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The intake of total protein, natural protein and protein substitute and growth of height and head circumference in Dutch infants with phenylketonuria

Hoeksma, M. ; van Rijn, M. ; Verkerk, P. H. ; Bosch, A. M. ; Mulder, M. F. ; de Klerk, J. B.C. ; de Koning, T. J. LU ; Rubio-Gozalbo, E. ; de Vries, M. and Sauer, P. J.J. , et al. (2005) In Journal of Inherited Metabolic Disease 28(6). p.845-854
Abstract

In a previous study, Dutch children with phenylketonuria (PKU) were found to be slightly shorter than their healthy counterparts. In the literature, it has been hypothesized that a higher protein intake is necessary to optimize growth in PKU patients. The study aimed to investigate whether protein intake (total, natural and protein substitute) in this group might be an explanatory factor for the observed growth. Growth of height and head circumference and dietary data on protein intake (total, natural and protein substitute) from 174 Dutch PKU patients born between 1974 and 1996 were analysed retrospectively for the patients' first 3 years of life. Analyses were corrected for energy intake during the first year of life and for the... (More)

In a previous study, Dutch children with phenylketonuria (PKU) were found to be slightly shorter than their healthy counterparts. In the literature, it has been hypothesized that a higher protein intake is necessary to optimize growth in PKU patients. The study aimed to investigate whether protein intake (total, natural and protein substitute) in this group might be an explanatory factor for the observed growth. Growth of height and head circumference and dietary data on protein intake (total, natural and protein substitute) from 174 Dutch PKU patients born between 1974 and 1996 were analysed retrospectively for the patients' first 3 years of life. Analyses were corrected for energy intake during the first year of life and for the clinical severity of the deficiency of phenylalanine hydroxylase by means of plasma phenylalanine concentration at birth. Neither protein nor energy intake correlated with height growth. A positive, statistically significant relation between head circumference growth and natural protein and total protein intake was found, but not with the intake of the protein substitute or energy. Therefore, this study suggests that improvement of the protein substitute rather than an increase of total protein intake may be important in optimizing head circumference growth in PKU patients.

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publishing date
type
Contribution to journal
publication status
published
subject
in
Journal of Inherited Metabolic Disease
volume
28
issue
6
pages
10 pages
publisher
Springer
external identifiers
  • pmid:16435176
  • scopus:31644433344
ISSN
0141-8955
DOI
10.1007/s10545-005-0122-x
language
English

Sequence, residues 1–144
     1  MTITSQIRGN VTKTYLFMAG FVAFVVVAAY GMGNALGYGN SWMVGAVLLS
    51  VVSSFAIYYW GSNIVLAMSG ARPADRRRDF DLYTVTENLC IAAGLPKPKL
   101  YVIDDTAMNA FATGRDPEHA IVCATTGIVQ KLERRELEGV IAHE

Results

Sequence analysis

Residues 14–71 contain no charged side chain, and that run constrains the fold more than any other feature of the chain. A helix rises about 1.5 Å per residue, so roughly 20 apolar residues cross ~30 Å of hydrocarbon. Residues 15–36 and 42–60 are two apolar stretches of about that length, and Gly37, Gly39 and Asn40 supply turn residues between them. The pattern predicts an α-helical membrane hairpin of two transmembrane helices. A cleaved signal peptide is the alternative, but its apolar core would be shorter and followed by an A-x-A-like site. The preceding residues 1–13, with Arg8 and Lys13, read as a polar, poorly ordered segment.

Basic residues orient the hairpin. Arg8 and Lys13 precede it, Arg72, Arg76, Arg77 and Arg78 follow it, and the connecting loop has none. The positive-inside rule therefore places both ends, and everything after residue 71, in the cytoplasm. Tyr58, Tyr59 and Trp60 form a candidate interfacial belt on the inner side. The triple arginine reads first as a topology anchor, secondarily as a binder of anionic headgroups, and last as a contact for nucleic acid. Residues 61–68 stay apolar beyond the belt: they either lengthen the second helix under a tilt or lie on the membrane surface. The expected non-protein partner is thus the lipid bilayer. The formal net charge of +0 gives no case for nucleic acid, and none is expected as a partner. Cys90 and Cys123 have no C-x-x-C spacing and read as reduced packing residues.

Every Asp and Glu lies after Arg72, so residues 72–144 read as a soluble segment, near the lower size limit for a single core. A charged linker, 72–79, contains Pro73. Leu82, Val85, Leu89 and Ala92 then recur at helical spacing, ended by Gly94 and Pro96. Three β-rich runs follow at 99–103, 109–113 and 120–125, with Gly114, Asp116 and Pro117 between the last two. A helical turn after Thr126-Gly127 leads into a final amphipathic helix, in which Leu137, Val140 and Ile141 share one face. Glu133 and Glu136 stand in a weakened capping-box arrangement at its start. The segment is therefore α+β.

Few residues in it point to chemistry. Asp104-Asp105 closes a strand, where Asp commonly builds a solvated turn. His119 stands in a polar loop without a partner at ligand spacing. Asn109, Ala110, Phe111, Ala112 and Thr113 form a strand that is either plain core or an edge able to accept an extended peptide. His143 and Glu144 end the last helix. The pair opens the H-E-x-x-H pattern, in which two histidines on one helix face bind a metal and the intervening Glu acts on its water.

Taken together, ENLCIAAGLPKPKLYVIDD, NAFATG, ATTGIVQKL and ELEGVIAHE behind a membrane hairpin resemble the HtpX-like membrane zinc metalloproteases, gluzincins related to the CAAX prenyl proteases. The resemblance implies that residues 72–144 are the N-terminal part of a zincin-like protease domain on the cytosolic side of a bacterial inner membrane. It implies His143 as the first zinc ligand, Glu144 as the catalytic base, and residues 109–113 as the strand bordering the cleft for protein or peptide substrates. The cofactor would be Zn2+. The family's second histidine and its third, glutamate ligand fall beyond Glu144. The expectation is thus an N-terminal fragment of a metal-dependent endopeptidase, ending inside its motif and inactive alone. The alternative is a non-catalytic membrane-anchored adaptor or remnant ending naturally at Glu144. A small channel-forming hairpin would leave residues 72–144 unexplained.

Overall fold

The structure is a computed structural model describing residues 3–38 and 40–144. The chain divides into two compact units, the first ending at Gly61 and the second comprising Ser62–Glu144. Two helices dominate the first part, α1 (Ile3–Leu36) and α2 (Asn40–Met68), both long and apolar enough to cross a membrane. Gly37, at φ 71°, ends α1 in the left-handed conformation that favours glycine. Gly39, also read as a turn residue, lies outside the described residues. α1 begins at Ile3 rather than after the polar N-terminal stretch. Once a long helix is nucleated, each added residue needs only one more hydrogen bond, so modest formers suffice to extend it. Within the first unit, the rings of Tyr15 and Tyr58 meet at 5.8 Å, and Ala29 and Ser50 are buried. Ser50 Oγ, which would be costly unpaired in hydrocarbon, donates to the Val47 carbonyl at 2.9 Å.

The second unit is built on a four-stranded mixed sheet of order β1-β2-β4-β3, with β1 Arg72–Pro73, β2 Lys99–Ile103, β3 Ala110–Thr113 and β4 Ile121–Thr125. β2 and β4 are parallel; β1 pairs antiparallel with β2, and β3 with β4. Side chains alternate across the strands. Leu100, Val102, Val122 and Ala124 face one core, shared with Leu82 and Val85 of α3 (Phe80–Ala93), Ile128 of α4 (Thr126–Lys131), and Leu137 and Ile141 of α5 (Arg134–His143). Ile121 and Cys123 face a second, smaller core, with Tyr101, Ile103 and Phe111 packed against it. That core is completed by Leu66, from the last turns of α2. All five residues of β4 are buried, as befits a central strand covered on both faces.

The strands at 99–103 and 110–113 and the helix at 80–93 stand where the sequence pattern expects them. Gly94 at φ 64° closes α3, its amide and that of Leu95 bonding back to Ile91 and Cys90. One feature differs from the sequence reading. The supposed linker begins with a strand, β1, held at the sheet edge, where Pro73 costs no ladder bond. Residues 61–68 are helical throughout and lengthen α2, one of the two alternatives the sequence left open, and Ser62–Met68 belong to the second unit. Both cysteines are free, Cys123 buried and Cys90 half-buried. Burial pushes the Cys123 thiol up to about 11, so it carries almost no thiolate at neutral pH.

LU publication?
no
id
0e822c99-8f27-42b7-9c4f-e6fc3a8ac253
date added to LUP
2020-03-03 19:04:25
date last changed
2020-04-07 05:44:18
@article{0e822c99-8f27-42b7-9c4f-e6fc3a8ac253,
  abstract     = {<p>In a previous study, Dutch children with phenylketonuria (PKU) were found to be slightly shorter than their healthy counterparts. In the literature, it has been hypothesized that a higher protein intake is necessary to optimize growth in PKU patients. The study aimed to investigate whether protein intake (total, natural and protein substitute) in this group might be an explanatory factor for the observed growth. Growth of height and head circumference and dietary data on protein intake (total, natural and protein substitute) from 174 Dutch PKU patients born between 1974 and 1996 were analysed retrospectively for the patients' first 3 years of life. Analyses were corrected for energy intake during the first year of life and for the clinical severity of the deficiency of phenylalanine hydroxylase by means of plasma phenylalanine concentration at birth. Neither protein nor energy intake correlated with height growth. A positive, statistically significant relation between head circumference growth and natural protein and total protein intake was found, but not with the intake of the protein substitute or energy. Therefore, this study suggests that improvement of the protein substitute rather than an increase of total protein intake may be important in optimizing head circumference growth in PKU patients.</p>},
  author       = {Hoeksma, M. and van Rijn, M. and Verkerk, P. H. and Bosch, A. M. and Mulder, M. F. and de Klerk, J. B.C. and de Koning, T. J. and Rubio-Gozalbo, E. and de Vries, M. and Sauer, P. J.J. and van Spronsen, F. J.},
  issn         = {0141-8955},
  language     = {eng},
  month        = {12},
  number       = {6},
  pages        = {845--854},
  publisher    = {Springer},
  series       = {Journal of Inherited Metabolic Disease},
  title        = {The intake of total protein, natural protein and protein substitute and growth of height and head circumference in Dutch infants with phenylketonuria},
  url          = {http://dx.doi.org/10.1007/s10545-005-0122-x},
  doi          = {10.1007/s10545-005-0122-x},
  volume       = {28},
  year         = {2005},
}